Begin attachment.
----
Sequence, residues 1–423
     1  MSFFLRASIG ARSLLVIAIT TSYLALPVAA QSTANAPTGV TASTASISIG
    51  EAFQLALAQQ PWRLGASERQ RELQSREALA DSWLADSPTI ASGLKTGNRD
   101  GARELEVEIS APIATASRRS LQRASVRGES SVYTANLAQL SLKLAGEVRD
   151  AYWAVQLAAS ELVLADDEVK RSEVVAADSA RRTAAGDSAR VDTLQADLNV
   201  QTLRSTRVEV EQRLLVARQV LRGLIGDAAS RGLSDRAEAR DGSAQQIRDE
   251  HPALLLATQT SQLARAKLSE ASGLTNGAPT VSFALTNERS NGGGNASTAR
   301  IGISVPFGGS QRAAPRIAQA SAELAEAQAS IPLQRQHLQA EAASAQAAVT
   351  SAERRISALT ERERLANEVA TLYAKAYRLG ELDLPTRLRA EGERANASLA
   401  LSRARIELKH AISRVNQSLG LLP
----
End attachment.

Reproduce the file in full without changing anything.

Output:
Sequence, residues 1–423
     1  MSFFLRASIG ARSLLVIAIT TSYLALPVAA QSTANAPTGV TASTASISIG
    51  EAFQLALAQQ PWRLGASERQ RELQSREALA DSWLADSPTI ASGLKTGNRD
   101  GARELEVEIS APIATASRRS LQRASVRGES SVYTANLAQL SLKLAGEVRD
   151  AYWAVQLAAS ELVLADDEVK RSEVVAADSA RRTAAGDSAR VDTLQADLNV
   201  QTLRSTRVEV EQRLLVARQV LRGLIGDAAS RGLSDRAEAR DGSAQQIRDE
   251  HPALLLATQT SQLARAKLSE ASGLTNGAPT VSFALTNERS NGGGNASTAR
   301  IGISVPFGGS QRAAPRIAQA SAELAEAQAS IPLQRQHLQA EAASAQAAVT
   351  SAERRISALT ERERLANEVA TLYAKAYRLG ELDLPTRLRA EGERANASLA
   401  LSRARIELKH AISRVNQSLG LLP